Updates from the past 6 months

Here are some quick updates from the busy past 6 months:

Advanced Network Programming (Sep-Oct 2021)

Advanced Network Programming (ANP) was offered in Sep-Oct 2021 to the BSc 3rd year students at VU Amsterdam. The course aims to teach students about the complexity of modern networks (end-host and network management) and cover topics such as design of end-host TCP/IP networking stack, Linux internals, multicore scalability, programmable data planes, P4 language, etc. On the practical-side, the students develop a functional TCP/IP stack in the userspace on top of the Linux TUN/TAP device, and do a file exchange between an unmodified Linux server and a client machine.

For more information about the course content please see the course webpage.

Storage Systems (Nov-Dec 2021)

Storage Systems course covers emergence and advancements of Non-Volatile Memory (NVM) storage in mainstream computing. We cover topics such as emergence of evolution of flash storage, NVM Express, flash-specific file systems and key-value stores, persistent memories, programmable storage, network-attached flash, and general distributed system design around flash storage. Major changes from the last year’s course is in the project work. For practical project work, we use recently-standardized Zone Namespace devices (ZNS) (last year we used Open-Channel SSD with QEMU) and students build a functional host-side FTL (mapping, gc, persistence) and integrate the FTL with a filesystem-plugin into RocksDB.

Acknowledgement: The project work is generously supported by Western Digital with their donation of ZNS devices and software support.

For more information about the course content please see the course webpage.

Advanced Topics in Distributed Systems (Feb-Mar 2022)

ATDS is a MSc-level paper reading seminar where students write reviews and present papers from past year conferences (SOSP, OSDI, ATC, NSDI, FAST, ASPLOS, SIGCOMM). Apart from basic paper reviewing this year we have put an additional emphasis on Reproducibility Research in Computer Science/Systems. The goal of this activity is to teach students about reproducibility work in computer systems research, how to report artifacts, how to run and set up experiments, and how to write reproducibility guides. The students pick up recently published papers from the past conferences with the ACM badges and try to reproduce the experimental results on our infrastructure. They will report in detail what worked, what did not work, if the experiment was successful or not (and why so), and any additional measurements to improve the quality of reporting. At the end of the course, we plan to share our experience. Look out for that in April 2022. Meanwhile if you have ideas how we can improve such a course, do let me know.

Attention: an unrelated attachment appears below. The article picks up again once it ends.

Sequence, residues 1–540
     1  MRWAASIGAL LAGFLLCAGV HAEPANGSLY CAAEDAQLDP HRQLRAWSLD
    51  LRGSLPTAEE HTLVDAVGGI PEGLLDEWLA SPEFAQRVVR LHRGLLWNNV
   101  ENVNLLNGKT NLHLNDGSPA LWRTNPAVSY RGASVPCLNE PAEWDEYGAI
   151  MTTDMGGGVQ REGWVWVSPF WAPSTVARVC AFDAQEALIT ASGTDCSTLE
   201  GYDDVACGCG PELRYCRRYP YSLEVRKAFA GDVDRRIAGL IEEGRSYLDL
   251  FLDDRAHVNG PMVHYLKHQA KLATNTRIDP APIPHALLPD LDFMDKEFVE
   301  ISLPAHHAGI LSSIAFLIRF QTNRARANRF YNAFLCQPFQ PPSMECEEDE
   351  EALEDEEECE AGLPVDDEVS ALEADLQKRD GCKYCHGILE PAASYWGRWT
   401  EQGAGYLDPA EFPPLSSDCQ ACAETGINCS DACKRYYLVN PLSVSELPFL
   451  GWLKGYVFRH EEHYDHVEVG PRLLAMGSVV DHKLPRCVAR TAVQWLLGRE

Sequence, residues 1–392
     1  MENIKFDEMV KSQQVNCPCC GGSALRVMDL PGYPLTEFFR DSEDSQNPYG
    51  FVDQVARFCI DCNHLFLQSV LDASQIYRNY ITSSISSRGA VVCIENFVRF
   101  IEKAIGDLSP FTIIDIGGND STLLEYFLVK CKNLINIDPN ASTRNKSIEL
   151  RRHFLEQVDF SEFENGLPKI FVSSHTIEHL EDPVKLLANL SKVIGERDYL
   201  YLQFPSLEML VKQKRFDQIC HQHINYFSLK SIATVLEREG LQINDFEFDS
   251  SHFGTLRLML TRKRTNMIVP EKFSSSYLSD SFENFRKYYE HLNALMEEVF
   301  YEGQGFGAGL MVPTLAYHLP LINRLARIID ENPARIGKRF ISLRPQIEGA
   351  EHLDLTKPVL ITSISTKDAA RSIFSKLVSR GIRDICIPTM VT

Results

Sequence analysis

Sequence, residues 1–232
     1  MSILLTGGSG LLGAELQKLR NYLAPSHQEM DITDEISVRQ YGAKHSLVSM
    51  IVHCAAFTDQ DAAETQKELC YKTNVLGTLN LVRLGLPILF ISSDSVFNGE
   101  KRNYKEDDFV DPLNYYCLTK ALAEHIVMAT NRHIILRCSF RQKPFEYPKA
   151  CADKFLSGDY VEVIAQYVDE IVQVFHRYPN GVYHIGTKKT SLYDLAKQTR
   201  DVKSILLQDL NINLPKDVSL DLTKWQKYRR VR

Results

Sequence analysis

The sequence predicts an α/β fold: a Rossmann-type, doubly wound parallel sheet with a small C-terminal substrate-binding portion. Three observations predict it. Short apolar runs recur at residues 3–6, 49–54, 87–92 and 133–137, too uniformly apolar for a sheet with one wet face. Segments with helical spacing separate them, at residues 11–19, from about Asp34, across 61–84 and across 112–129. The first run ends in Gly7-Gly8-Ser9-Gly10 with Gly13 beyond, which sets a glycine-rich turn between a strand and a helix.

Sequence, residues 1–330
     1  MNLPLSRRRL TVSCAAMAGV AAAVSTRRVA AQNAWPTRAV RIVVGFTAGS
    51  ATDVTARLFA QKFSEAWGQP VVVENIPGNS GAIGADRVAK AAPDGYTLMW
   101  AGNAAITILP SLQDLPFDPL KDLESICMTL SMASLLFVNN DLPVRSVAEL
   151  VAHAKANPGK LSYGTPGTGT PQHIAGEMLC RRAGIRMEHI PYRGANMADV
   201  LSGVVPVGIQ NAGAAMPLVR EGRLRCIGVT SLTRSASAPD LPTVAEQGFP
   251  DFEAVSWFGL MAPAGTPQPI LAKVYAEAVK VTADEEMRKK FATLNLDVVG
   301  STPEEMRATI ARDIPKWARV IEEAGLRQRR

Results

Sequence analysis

New reports

Students working in our group has published three new research reports and one literature survey available below:

Research projects in development

  1. Edge Computing: We are ramping up our research effort in Edge Computing, and to do more systematic large-scale experiments we have developed a testbed, which is now open-source at: https://github.com/atlarge-research/continuum. This work is done by Matthijs Jansen.

  2. eBPF-powered Computational Storage: Emerging computational storage devices (or CSDs) offer a unique programming interface through which computation can be pushed closer to the data where it is stored, instead of moving data for computation (as done today). Despite its potential, realizing CSD benefits remain a challenging task due to (i) unavailability of any open-source CSD device; (ii) lack of filesystem support for CSD devices; and (iii) limited exploration with the right API and abstractions for CSD-aware applications. In this work, we present eBPF-powered OpenCSD, an open-source framework for CSD devices in QEMU. The source code is at: https://github.com/Dantali0n/qemu-csd. The work is led by Corne Lukken.

More updates on new projects coming soon…

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